21 Jan

Volunteer burnout may surprise you too

Photo: Niklas Meltio

According to many researches (and our experiences), investing your time and energy into volunteering makes you happier and increases your wellbeing. However, sometimes it is necessary to say “no” or at least “not now” for volunteering. This post tells a true story how to prevent overloading yourself.

I would like to share my experience of a volunteer burnout. When I started volunteering for the humanitarian assistance in 2012, I was very excited about all the activities. In fact, I wanted to do everything and learn about everything. I started volunteering with the Finnish Red Cross group at the detention centre and soon after I participated in the activities of the International Youth Club, took part in fundraising and finally became a board member in two non-profit organisations.

Everything I did felt important and I suddenly made my volunteering a number one priority in life. All this volunteering had a purpose after all, and I was helping others. But soon as all the activities started to pile up, I realized I was seriously neglecting myself. I had to rethink my commitments and limit my volunteering. But I didn’t want to quit completely.

To get a professional point of view on my situation, I spoke with Ilkka Saarinen, who has volunteered for the Finnish Red Cross for around 20 years. He also leads courses on psychological support. Ilkka has also worked in several emergencies where it is especially important to take account of psychological wellbeing of the volunteers. I asked him what I and others facing the same problem should do to prevent a volunteer burnout in the future.

Start with small steps

“New volunteers get passionate about a cause and some of them immediately want to save the world. But that does not happen. First of all, they need to take care of themselves to be able to be good volunteers”, Ilkka tells me.

According to Ilkka, it is very common that new volunteers want to do a lot of things right away and tend to forget about their own wellbeing.

“When you want to start volunteering, take something small to begin with. You can become a friend of someone and spend time with this person for two hours per week. It might seem too little, but soon you will realize that it’s sufficient”, Ilkka explains.

Photo: Hanna Linnakko

Put your own oxygen mask first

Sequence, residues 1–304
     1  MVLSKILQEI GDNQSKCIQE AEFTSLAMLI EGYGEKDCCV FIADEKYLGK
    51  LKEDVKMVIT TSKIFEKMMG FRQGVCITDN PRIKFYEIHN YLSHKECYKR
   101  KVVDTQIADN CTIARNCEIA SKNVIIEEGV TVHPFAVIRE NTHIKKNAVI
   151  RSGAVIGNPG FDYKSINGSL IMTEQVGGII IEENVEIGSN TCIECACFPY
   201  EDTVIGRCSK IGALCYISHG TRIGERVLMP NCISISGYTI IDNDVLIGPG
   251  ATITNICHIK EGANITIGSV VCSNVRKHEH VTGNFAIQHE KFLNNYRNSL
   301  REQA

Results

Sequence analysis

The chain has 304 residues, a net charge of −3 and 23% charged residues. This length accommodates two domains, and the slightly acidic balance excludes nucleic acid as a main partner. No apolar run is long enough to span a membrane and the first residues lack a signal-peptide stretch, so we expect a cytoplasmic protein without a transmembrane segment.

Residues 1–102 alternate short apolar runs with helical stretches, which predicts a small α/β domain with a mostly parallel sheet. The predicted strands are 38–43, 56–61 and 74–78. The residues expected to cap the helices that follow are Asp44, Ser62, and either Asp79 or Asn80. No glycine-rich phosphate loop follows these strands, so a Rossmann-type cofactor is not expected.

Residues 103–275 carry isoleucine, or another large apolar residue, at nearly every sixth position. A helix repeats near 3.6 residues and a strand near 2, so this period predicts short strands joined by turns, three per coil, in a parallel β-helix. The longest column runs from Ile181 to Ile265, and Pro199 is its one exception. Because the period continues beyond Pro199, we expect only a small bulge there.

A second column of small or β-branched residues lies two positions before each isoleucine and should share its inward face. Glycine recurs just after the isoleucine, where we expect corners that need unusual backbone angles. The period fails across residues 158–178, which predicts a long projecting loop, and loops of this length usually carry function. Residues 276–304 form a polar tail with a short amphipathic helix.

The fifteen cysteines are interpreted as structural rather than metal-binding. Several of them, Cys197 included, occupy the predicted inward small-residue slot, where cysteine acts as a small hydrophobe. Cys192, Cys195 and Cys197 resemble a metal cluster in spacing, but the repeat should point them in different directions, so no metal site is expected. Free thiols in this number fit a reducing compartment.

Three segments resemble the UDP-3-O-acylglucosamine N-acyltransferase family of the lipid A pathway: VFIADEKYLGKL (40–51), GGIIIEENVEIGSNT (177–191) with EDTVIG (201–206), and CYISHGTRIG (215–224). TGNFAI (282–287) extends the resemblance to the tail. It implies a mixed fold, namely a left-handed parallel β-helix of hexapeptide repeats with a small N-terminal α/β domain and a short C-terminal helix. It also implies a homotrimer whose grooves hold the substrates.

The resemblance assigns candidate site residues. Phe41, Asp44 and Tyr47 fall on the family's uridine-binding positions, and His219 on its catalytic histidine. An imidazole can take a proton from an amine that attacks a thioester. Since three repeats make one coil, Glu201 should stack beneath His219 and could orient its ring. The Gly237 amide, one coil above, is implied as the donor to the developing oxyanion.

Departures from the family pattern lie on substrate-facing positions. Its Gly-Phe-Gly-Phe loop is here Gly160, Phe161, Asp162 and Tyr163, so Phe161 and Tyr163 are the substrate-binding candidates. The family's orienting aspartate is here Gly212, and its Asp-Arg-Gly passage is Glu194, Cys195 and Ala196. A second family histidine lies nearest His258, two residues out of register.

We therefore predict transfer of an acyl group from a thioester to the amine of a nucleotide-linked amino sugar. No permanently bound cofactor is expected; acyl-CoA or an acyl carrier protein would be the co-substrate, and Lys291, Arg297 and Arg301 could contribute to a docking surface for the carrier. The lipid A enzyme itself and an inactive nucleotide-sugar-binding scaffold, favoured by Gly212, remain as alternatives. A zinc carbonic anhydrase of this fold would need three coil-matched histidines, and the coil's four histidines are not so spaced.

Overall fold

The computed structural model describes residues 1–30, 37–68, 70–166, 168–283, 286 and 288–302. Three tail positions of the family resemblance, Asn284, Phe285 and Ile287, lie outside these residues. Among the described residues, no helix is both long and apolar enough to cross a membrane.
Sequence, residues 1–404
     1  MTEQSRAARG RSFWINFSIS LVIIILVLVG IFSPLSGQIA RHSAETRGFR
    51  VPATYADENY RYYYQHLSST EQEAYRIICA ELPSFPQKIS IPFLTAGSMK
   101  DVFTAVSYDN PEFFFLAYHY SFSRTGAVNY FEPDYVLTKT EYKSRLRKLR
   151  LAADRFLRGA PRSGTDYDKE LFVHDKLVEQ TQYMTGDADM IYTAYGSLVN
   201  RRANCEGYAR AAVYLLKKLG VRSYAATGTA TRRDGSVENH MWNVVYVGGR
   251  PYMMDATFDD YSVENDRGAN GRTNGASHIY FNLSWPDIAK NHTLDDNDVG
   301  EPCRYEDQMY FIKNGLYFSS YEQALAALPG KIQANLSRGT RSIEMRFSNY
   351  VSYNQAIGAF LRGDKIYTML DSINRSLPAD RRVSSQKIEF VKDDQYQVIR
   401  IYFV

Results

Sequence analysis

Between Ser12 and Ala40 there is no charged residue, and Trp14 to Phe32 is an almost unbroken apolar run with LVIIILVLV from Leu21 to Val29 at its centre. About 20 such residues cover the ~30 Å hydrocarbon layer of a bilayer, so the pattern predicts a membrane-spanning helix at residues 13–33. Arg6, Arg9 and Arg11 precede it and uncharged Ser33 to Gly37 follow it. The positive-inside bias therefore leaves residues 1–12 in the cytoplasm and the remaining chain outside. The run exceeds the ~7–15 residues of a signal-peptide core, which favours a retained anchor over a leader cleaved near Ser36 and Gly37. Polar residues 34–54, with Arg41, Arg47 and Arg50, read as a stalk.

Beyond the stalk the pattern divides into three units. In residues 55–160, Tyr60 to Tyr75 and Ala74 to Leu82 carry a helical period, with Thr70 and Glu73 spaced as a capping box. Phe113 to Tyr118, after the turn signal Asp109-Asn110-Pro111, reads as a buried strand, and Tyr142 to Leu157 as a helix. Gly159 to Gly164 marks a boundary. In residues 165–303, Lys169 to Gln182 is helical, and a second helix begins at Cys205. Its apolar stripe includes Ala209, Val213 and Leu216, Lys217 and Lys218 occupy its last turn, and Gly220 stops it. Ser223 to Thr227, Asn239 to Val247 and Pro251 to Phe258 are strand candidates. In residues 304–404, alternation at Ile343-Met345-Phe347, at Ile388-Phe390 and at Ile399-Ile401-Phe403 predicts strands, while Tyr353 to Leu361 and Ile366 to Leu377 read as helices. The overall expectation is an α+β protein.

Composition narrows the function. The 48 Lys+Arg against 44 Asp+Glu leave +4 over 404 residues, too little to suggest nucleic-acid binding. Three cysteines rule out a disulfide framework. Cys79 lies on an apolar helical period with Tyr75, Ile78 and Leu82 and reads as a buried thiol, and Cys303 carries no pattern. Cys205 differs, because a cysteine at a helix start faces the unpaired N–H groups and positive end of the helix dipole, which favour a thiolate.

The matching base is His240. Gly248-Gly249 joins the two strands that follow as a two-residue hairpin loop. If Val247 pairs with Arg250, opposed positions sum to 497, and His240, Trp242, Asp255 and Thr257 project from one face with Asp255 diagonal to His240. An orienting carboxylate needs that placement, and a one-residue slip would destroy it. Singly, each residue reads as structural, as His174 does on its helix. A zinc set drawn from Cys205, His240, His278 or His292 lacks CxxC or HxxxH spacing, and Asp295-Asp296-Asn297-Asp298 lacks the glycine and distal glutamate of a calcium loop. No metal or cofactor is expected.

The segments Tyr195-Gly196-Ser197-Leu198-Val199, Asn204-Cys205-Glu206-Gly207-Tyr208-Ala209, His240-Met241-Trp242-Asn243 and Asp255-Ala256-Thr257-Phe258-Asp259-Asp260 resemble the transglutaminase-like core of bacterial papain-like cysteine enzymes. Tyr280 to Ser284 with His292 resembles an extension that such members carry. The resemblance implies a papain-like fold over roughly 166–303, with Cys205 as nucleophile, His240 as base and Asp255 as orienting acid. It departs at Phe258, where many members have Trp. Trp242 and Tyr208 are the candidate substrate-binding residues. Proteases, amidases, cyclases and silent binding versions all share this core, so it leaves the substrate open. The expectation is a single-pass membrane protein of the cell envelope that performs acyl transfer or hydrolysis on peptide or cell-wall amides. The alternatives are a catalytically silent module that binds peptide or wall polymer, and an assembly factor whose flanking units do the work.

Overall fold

As volunteers work with other people, it does not require much to find yourself in a situation that you feel emotionally connected to a person and his suffering. According to Ilkka, dealing with difficult situations of others is psychologically very demanding. However, these are exactly the situations when your wellbeing must go first.

Let’s take an example that Ilkka gave me. Do you remember the security instruction videos before an airplane takes off? When cabin pressure lowers, an oxygen masks drop. If a mother travels with a child, she first has to put the mask on herself so that she can be able and strong enough to assist her child. If she would pass out, she would no longer be there to help the child.

“New volunteers get passionate about a cause and some of them immediately want to save the world. But that does not happen.”

The same applies to volunteering. If you want to help and take care of others, you need to make sure that you are also taken care of. The role of the volunteer is to assist others in a specific situation, like after some traumatic experience. You are there for them in that moment only. But when it’s over, you have to return to your private life and strictly separate your volunteer role from your private person. “This is one thing which is often forgotten,” Ilkka says.

Ilkka also gives a personal experience when he spent a night without sleeping because he kept on thinking about a situation of one client.

“Then I realized that by thinking about the client and his situation is not going to help him anyway. He doesn’t even know that I’m worried about him and cannot sleep,” Ilkka says.

Know your own limits

Ilkka encourages all volunteers to establish their own “small rituals” to keep an eye on personal limits.

“I worked with my clients in one part of the city and I was going there by car. I decided to make a border at the place at which I would always have my car parked. When I finished with my clients, I allowed myself to be concerned about them only until I have reached my car. After then, I had to let it go,” Ilkka tells me.

Of course, volunteers should always have an opportunity to talk about their experience and feelings related to the volunteering. This is crucial especially when they need to preserve confidentiality.

Officially this is called defusing and it’s basically a discussion in a small group which should take place after each volunteering session. When these small discussions are led by a qualified worker then this is called debriefing. Volunteers that engage in mentally demanding work can also attend in a work counselling once a month.

One of the points that Ilkka mentioned and that I have also found helpful is that I should keep developing myself, go to educational courses and read books relevant to my volunteer activities. Having volunteer friends also helps – as bonding with other volunteers makes it easier to discuss related things.

Taking care of your own wellbeing is essential when helping others. Sometimes we go through difficult situations in our personal lives as well and feel overwhelmed by volunteer activities.

From my experience, I can say that the most important thing is to know your own limits and not to take too much on your shoulders.  I can only agree with what Ilkka said to me: “You cannot rescue the whole world. You can make your share.’’

Text: Jana Sassakova
Photos: Image Bank of The Finnish Red Cross

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